Cybercrooks amp up attacks via macro-enabled XLL files
Neither Excel nor PowerPoint safe as baddies continue to find ways around protections
Cybercriminals are once again abusing macro-enabled Excel add-in (XLL) files in malware attacks at a vastly increased rate, according to new research.
HP Wolf Security revealed that .xlam files are now the seventh most commonly abused file extension in Q3 2023, rising 35 places from 42nd on the list in Q2.
XLL attacks aren't new and researchers observed a lull in exploits at the start of 2023, but a surge in attention has been given to them in the past few months.
XLL files offer attackers greater capabilities compared to alternatives like Visual Basic for Applications (VBA) macros, which are now blocked by default courtesy of Microsoft's 2022 intervention, a move that was seen at the time as long overdue.
They extend Excel's functionality, facilitate more effective attacks due to features like multithreading support, and have been adopted in the past by developers of malware families such as Dridex, Agent Tesla, Raccoon Stealer, and Formbook.
Macro-enabled XLL files can be implemented in a number of ways, with many attackers opting to use them as a malware dropper directly inside the document, rather than a means to download payloads from the web.
The latest finding is another example of how attackers continue to evolve their tactics to leverage seemingly benign Microsoft Office documents to distribute malware.
Since Microsoft announced it would block VBA macros by default, then briefly backtracked before blocking them again, attackers have been experimenting with different file types to launch their malware attacks.
The ubiquity of Microsoft Office documents in the business world means they are perceived by many as inherently safe, making them an ideal medium through which criminals can launch attacks.
Microsoft also made the decision to block XLL attachments from untrusted locations by default at the start of this year, making the surge in use noteworthy.
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By default, XLL files that originate from locations not explicitly designated as "trusted" are blocked for users. Microsoft has said that most people will never need to use add-ins as they aren't required for typical Excel use cases.
Abuse in active attacks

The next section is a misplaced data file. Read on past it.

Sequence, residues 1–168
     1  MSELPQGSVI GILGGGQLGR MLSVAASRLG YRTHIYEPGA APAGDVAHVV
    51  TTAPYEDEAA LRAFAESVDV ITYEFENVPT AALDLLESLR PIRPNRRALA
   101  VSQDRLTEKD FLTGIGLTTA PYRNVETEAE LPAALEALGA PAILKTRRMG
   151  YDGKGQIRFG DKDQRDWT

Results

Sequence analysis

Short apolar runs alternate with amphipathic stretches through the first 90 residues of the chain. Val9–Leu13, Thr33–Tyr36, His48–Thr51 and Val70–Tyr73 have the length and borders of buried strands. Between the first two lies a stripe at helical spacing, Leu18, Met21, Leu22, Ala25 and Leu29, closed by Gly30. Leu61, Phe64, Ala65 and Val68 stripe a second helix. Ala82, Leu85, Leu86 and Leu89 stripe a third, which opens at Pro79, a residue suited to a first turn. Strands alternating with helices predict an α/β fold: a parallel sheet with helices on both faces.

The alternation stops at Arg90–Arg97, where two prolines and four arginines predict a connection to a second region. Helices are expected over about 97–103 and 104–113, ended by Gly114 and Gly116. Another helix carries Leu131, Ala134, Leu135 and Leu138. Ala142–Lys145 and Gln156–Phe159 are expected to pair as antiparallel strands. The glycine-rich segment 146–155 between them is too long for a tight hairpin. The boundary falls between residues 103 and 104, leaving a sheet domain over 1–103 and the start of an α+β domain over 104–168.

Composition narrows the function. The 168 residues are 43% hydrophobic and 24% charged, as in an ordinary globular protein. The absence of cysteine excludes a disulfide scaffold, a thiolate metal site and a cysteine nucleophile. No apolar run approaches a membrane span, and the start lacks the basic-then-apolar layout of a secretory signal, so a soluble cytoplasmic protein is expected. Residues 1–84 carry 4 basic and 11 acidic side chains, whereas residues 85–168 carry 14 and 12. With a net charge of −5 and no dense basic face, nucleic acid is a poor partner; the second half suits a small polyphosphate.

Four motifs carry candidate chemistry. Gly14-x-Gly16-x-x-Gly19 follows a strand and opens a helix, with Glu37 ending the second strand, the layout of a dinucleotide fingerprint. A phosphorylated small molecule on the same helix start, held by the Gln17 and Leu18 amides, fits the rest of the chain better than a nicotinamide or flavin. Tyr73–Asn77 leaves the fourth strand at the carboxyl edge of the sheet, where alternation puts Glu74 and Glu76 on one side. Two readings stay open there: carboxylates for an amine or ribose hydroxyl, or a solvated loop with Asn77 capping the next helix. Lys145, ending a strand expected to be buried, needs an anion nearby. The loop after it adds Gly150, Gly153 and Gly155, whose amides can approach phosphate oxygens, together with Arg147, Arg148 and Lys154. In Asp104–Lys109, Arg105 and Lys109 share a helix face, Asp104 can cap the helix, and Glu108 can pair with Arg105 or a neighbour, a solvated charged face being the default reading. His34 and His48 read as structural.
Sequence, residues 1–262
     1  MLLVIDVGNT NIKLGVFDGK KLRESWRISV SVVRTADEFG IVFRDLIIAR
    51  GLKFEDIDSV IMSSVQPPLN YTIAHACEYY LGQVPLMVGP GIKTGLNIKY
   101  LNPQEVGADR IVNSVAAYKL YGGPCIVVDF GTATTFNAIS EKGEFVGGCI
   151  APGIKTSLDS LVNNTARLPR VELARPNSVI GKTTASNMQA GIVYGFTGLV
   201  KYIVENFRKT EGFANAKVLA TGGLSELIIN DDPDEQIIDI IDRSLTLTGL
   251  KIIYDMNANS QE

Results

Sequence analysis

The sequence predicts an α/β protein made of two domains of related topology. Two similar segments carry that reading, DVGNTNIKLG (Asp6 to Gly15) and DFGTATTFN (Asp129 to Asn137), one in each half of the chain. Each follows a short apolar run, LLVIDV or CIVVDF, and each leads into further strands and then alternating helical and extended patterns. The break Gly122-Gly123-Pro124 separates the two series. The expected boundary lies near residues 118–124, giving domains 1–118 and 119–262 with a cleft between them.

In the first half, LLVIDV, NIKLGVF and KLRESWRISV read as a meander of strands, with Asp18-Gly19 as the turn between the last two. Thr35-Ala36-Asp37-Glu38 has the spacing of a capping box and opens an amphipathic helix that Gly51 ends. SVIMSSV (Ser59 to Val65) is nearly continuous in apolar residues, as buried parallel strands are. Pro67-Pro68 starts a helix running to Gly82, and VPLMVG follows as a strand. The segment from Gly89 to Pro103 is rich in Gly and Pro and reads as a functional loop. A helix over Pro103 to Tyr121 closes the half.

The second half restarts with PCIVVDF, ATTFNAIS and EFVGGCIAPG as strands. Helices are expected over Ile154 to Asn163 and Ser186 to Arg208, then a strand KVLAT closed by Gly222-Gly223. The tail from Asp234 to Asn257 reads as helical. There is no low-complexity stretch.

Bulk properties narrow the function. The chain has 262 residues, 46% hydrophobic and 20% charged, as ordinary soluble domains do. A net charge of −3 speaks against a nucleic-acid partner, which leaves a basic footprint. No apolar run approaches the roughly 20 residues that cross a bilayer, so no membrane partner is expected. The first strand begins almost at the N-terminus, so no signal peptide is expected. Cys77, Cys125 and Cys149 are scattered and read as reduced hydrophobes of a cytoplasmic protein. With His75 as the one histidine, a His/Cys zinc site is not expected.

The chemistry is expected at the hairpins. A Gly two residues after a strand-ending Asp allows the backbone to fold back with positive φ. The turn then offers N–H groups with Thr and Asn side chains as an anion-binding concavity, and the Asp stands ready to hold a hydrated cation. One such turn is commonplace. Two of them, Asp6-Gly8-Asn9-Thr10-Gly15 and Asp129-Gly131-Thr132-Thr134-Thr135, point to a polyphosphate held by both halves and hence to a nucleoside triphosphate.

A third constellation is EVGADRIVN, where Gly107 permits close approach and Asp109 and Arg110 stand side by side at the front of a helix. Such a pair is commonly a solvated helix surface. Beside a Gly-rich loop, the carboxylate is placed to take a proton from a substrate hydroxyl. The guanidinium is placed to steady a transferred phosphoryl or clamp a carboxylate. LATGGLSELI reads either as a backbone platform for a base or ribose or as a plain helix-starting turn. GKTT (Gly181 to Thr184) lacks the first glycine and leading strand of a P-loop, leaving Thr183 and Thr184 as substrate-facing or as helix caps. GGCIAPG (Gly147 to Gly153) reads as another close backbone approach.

Attackers demonstrated how they were able to bypass the XLL block earlier this year during a Parallax remote access trojan (RAT) campaign from July.
Masquerading as scanned invoices, the XLL attachments sent to users are thought to have come from compromised email accounts, meaning the location of the XLL would likely have been considered "trusted," therefore bypassing many of the default security measures against the file type.
Taking advantage of add-ins' multithreading capability, the malware used the aforementioned dropper method of deploying the payload. When first opened, the xlAutoOpen function, which contains the malicious code, is run to load various system libraries and dynamically resolve their functions.
Then, on one thread, the malware writes an executable "lum.exe" under a new folder in C:\ProgramData. A new registry key called 'ID' is created under HKEY_CURRENT_ USER\Software\Intel with the executable's folder name set as its value. Lum.exe is then launched.
Taking place on another thread are efforts to increase the perceived legitimacy of the file – a dummy invoice file, which is just a legitimate invoice template taken from the web, is saved to the victim's disk.
The Parallax RAT uses multiple techniques to evade detection, such as process hollowing, and from there becomes operational.
The researchers said it's often available to buy for around $65 per month and offers attackers capabilities such as remote control access to victim machines, data exfiltration, and credential theft.
A similar campaign was also observed targeting LATAM hotels with add-in files but for PowerPoint rather than Excel. Again, it involved the installation of a RAT – this time it was XWorm which has capabilities beyond remote desktop control including keylogging and clipboard hijacking.
Separately, XWorm attacks appear to be spreading using different techniques. Trellix spotted a campaign from late July targeting organizations across various industries but this time in the US, Republic of Korea, and Germany mainly.
The delivery mechanism here was different too, with the attackers instead opting for malicious URLs embedded in .pdf, .docx, and .rtf formats. ®